IV. One brand can inspire an industry
It’s easier for brands to take action with partners instead of alone, as it provides some cultural cover. This year, a coalition of brands (including Gap, Lyft, Sonos, Walmart, etc.) launched an effort called Make Time to Vote, a commitment to fight the historically low voting rates by giving employees time off to vote.
While collective action can move mountains, other brands are taking radical stances and sparking new conversations. Patagonia is famously suing President Trump for his attempt to shrink the size of several national monuments, proactively changing their website with the words “The President Stole Your Land.” Portland-based streetwear apparel company Wildfang launched a crowdfunding campaign to single handedly save the last abortion clinic in South Dakota — and succeeded. These emerging voices in brand-led advocacy are blazing the trail for other businesses to do the same.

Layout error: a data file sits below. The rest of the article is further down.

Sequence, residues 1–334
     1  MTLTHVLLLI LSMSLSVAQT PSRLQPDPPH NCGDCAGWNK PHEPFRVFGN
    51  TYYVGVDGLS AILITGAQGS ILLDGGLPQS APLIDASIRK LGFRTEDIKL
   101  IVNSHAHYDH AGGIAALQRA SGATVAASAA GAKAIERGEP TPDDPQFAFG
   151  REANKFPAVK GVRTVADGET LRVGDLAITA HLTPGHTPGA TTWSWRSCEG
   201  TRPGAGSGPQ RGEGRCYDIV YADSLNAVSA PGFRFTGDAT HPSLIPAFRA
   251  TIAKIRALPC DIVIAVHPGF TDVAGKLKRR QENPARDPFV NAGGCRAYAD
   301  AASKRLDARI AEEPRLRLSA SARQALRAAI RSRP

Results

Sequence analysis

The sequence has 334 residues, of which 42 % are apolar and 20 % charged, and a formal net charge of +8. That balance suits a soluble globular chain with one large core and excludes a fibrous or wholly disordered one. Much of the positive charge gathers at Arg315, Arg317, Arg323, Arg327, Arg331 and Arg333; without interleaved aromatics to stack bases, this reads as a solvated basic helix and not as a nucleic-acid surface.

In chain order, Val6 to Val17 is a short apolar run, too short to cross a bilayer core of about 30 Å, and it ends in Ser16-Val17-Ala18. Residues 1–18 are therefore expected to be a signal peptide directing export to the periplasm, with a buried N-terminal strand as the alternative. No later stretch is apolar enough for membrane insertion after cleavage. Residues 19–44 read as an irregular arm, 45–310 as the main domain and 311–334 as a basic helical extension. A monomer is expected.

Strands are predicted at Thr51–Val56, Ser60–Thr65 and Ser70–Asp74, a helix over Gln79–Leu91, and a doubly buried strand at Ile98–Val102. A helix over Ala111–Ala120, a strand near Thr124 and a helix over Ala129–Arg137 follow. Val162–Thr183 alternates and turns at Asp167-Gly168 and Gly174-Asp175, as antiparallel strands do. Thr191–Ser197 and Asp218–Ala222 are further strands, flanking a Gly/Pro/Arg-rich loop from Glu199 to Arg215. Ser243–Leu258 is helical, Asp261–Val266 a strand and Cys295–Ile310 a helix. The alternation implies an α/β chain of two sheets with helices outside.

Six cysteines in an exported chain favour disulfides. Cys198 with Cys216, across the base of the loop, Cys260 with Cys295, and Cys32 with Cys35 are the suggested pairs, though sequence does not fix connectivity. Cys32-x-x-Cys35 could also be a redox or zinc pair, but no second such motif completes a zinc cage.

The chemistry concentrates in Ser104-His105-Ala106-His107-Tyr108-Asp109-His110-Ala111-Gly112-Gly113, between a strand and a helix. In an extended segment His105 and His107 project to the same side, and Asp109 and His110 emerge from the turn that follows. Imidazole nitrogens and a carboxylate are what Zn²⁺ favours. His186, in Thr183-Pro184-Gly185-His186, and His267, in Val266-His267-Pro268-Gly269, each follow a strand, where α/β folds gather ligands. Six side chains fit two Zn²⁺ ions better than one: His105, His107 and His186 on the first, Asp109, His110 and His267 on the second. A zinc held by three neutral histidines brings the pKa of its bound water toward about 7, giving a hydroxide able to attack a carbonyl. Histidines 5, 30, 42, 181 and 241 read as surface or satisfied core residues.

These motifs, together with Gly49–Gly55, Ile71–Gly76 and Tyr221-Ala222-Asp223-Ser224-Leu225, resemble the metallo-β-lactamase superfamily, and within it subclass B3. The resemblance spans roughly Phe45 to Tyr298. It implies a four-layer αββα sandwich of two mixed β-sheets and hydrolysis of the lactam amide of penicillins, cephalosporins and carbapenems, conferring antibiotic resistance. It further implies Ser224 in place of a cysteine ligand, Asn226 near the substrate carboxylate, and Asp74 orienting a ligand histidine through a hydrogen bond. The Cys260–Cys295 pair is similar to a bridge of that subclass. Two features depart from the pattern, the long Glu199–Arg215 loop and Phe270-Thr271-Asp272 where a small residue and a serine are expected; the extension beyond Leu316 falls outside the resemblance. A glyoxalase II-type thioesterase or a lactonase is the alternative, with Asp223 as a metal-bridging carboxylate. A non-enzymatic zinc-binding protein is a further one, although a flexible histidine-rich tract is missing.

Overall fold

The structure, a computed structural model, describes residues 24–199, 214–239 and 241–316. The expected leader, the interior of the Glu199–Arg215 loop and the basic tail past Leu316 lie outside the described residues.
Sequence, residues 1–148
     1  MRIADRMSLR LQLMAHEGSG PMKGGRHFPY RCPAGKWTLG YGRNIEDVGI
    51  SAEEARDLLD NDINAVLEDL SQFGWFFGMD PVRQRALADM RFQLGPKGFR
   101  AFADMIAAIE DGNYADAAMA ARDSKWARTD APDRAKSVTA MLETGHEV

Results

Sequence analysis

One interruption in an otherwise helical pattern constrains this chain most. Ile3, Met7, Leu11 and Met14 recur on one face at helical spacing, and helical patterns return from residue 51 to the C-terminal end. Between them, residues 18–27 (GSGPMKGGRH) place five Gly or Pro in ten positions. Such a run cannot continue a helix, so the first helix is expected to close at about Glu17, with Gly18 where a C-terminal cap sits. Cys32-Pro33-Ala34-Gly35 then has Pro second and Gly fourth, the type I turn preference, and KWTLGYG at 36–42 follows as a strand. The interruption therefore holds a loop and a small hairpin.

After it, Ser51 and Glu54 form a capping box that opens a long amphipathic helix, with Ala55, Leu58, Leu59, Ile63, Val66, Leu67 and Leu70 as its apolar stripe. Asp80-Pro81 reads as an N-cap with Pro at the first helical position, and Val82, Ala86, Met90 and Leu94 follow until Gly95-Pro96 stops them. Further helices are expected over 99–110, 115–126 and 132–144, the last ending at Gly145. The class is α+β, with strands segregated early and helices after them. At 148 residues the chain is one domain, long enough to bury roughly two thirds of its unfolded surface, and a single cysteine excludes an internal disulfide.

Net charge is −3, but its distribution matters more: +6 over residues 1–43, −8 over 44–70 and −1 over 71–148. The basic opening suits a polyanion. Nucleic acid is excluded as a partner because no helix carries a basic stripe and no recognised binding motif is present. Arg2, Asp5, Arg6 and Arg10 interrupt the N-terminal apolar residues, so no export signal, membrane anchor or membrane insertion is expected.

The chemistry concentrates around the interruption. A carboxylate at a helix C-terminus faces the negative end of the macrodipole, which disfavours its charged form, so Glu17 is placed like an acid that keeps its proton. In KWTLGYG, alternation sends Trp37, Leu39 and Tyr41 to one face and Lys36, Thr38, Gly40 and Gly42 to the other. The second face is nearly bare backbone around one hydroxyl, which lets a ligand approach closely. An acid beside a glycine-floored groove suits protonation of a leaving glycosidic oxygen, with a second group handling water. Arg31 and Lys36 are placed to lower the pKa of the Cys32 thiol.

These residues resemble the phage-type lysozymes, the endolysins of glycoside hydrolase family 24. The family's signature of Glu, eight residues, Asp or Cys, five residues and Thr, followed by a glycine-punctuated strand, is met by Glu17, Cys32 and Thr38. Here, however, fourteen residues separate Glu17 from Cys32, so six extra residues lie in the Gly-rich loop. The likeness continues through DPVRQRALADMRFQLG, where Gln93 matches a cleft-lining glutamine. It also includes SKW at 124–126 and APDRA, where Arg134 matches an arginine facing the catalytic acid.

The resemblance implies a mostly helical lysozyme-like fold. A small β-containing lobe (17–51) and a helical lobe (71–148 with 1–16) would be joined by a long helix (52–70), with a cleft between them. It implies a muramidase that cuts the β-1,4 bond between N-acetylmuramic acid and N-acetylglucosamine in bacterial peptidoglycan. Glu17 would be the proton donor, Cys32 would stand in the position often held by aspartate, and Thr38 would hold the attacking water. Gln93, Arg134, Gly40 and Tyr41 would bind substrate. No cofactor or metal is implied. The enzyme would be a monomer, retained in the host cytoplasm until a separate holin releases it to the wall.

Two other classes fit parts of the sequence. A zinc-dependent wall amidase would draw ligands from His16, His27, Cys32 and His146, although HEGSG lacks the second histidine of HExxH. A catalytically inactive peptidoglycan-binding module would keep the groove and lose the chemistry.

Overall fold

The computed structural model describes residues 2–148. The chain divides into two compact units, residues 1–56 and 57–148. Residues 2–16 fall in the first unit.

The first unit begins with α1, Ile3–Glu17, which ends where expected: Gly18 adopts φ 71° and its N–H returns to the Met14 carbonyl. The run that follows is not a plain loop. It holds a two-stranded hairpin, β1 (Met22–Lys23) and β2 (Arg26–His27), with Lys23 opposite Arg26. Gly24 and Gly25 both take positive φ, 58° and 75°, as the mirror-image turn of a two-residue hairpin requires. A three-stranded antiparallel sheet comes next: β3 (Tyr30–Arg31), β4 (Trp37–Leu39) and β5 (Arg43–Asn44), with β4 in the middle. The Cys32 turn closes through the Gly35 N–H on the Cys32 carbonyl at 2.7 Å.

V. It’s up to someone to lead the internal charge.
There isn’t a formula for how brands can take an active role in protecting civil liberties. We’ve seen that momentum can be generated by consumers, internal stakeholders, inspired leaders, or trusted partners. One thing we’ve heard in common from brands leading the charge: there’s often an internal champion (or champions) who will carry a campaign, donation, or decision over the finish line. Whether responding to an event in real time or driving a long-term strategy, the brands who release impactful work have someone who’s committed to pushing through a lack of precedent, process, and their own internal politics to get sh*t done.
Thank you to all who attended.
Sondra Goldschein, ACLU, Head of National Strategic Initiatives
Eunice Rho, ACLU, Associate Director of Strategic Partnerships
Danielle Silber, ACLU, Director of Strategic Partnerships
Melissa Hobley, OKCupid, CMO
Justin Gignac, WorkingNotWorking, Founder
Matthew Stepka, Machina Ventures, Managing Partner
Maura Everett, Sports Marketing & Consumer Engagement, Puma
Alice Pang, enso, Sr. Manager Partnerships + Community
Carla Fernandez, enso, Community Lead